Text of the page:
8. 8.
    Merler E, Boffetta P, Masala G, Monechi V, Bani F. A cohort study of workers compensated for mercury intoxication following employment in the fur hat industry. J Occup Med 1994; 36: 1260–4.Google Scholar
  9. 9.
    Amandus H, Costello J. Silicosis and lung cancer in U.S. metal miners. Arch Environ Health 1991; 46: 82–9.Google Scholar
  10. 10.
    Kobal A, Dizdarevic T. The Health Safety Programme for Workers Exposed to Elemental Mercury at the Mercury Mine in Idrija. Conference on `Mercury as a Global Pollutant', Hamburg, 4-8 August, 1996.Google Scholar
  11. 11.
    Bellander T, Merler E, Ceccarelli F, Boffetta P. Historical exposure to inorganic mercury at the smelter works of Abbadia San Salvatore, Italy. Ann Occup Hyg 1998; 42: 81–90.Google Scholar
  12. 12.
    Breslow NE, Day NE. Statistical Methods in Cancer Research, Vol. II, The Design and Analysis of Cohort Studies (IARC Scientific Publications No. 82). Lyon: International Agency for Research on Cancer, 1987.Google Scholar
  13. 13.
    Cigale M. Results of the uranium investigation in the minerals in the mine of Idrija. Geoloski zbornik 1983; 4: 205–12.Google Scholar
  14. 14.
    Hrubec Z, Blair AE, Rogot E, Vaught J. Mortality Risk by Occupation among U.S. Veterans of Known Smoking Status 1954-1980 (NIH Publication No. 92-3407). US National Institutes of Health, 1992.Google Scholar
  15. 15.
    Parkin DM, Whelan SL, Ferlay J, Raymond L, Young J, eds. Cancer Incidence in Five Continents, Vol. VII (IARC Scientific Publications No. 143). Lyon: International Agency for Research on Cancer, 1997.Google Scholar
  16. 16.
    Percy C, Stanek E, Gloeckler L. Accuracy of cancer death certificates and its effect on cancer mortality statistics. Am J Publ Health 1981; 71: 242–50.Google Scholar
  17. 17.
    Kosta L, Byrne AR, Zelenko V. Correlation between selenium and mercury in man following exposure to inorganic mercury. Nature 1975; 245: 238–9.Google Scholar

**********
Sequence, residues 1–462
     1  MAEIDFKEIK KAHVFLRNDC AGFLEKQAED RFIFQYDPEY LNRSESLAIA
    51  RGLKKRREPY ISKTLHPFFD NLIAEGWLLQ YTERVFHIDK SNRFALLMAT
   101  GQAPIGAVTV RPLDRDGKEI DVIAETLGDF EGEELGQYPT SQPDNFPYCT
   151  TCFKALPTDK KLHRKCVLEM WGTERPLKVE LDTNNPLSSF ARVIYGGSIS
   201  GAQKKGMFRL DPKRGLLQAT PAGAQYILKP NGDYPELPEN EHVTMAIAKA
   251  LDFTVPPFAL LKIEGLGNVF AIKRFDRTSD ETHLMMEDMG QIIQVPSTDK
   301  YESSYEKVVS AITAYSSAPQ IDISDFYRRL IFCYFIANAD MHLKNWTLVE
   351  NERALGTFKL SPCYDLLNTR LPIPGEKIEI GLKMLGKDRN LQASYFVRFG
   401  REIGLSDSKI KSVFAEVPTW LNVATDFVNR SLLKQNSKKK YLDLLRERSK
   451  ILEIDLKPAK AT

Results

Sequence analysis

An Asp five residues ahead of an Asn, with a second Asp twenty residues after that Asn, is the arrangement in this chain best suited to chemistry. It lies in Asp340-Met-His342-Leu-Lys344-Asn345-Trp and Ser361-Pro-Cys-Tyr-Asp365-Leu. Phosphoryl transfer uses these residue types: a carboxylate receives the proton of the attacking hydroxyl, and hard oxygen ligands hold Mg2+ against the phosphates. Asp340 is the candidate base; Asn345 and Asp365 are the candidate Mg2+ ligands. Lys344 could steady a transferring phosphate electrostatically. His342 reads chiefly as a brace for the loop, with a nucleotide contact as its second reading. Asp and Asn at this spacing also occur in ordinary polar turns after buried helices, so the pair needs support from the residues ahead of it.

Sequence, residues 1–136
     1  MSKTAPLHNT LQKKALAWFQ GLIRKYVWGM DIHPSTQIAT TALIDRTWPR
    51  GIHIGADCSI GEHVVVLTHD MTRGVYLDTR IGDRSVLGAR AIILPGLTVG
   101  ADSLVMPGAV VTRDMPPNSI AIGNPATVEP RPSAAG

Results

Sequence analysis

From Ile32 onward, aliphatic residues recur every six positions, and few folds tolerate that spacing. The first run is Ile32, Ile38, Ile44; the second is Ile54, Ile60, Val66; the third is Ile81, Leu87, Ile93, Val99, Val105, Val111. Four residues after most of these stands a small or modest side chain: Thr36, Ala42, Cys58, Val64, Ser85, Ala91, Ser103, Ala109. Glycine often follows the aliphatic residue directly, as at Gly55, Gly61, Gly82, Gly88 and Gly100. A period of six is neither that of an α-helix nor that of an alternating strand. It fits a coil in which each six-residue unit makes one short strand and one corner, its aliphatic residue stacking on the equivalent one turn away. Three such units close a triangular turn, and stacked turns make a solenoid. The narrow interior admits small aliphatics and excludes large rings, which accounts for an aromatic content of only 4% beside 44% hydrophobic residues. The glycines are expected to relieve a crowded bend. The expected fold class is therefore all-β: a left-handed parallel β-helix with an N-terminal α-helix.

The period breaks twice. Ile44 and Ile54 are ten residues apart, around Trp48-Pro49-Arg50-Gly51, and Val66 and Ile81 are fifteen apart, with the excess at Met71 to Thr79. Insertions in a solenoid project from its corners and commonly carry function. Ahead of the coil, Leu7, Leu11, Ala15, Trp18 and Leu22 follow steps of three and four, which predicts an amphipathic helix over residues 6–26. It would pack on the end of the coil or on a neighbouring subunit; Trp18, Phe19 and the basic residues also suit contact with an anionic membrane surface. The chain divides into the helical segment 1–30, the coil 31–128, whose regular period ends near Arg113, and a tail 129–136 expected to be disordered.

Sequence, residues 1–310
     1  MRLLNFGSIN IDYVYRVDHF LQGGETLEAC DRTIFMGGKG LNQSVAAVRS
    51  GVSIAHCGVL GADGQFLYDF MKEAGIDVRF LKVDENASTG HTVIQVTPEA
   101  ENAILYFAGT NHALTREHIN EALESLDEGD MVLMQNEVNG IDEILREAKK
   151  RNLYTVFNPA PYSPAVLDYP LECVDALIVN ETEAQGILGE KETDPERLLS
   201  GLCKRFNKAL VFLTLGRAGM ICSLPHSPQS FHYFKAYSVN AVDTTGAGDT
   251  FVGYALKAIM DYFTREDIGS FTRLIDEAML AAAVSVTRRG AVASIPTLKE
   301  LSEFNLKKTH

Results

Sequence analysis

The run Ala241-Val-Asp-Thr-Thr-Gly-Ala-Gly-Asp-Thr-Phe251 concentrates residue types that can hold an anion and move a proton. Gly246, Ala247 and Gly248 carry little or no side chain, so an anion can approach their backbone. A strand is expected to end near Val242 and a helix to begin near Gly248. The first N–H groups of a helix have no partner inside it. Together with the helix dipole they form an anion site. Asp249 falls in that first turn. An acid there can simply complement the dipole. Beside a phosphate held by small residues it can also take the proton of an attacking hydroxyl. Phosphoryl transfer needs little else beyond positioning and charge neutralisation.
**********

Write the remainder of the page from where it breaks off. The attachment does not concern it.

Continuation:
18. 18.
    Parkin DM, Muir CS, Whelan SL, Gao YT, Ferlay J, Powell J, eds. Cancer Incidence in Five Continents, Vol. VI (IARC Scientific Publications No. 120). Lyon: International Agency for Research on Cancer, 1992.Google Scholar

Copyright information

© Kluwer Academic Publishers 1998

Authors and Affiliations

  • Paolo Boffetta
    • 1
  • Montserrat Garcia-gómez
    • 2
  • Vera Pompe-Kirn
    • 3
  • David Zaridze
    • 4
  • Tom Bellander
    • 5
  • Mariana Bulbulyan
    • 4
  • Jose Diego Caballero
    • 6
  • Franco Ceccarelli
    • 7
  • Didier Colin
    • 1
  • Tatjana Dizdarevic
    • 8
  • Santiago Español
    • 9
  • Alfred Kobal
    • 8
  • Nina Petrova
    • 10
  • Gerd Sällsten
    • 11
  • Enzo Merler
    • 12
  1. 1.Unit of Environmental Cancer EpidemiologyInternational Agency for Research on CancerLyonFrance
  2. 2.Division of EpidemiologyMinistry of HealthMadridSpain
  3. 3.National Cancer RegistryInstitute of OncologyLjubljanaSlovenia
  4. 4.Cancer Research CentreInstitute of CarcinogenesisMoscowRussia
  5. 5.Department of Environmental HealthStockholmSweden
  6. 6.Industrial and Occupational ServiceCiudad RealSpain
  7. 7.National Health ServiceAbbadia San SalvatoreItaly
  8. 8.Idrija Mercury MineIdrijaSlovenia
  9. 9.Almaden and Arrayanes MinesAlmadenSpain
  10. 10.Nikitovka Sanitary StationNikitovkaUkraine
  11. 11.Department of Occupational MedicineUniversity of GöteborgSweden
  12. 12.Centre for the Study and Prevention of CancerFlorenceItaly

Personalised recommendations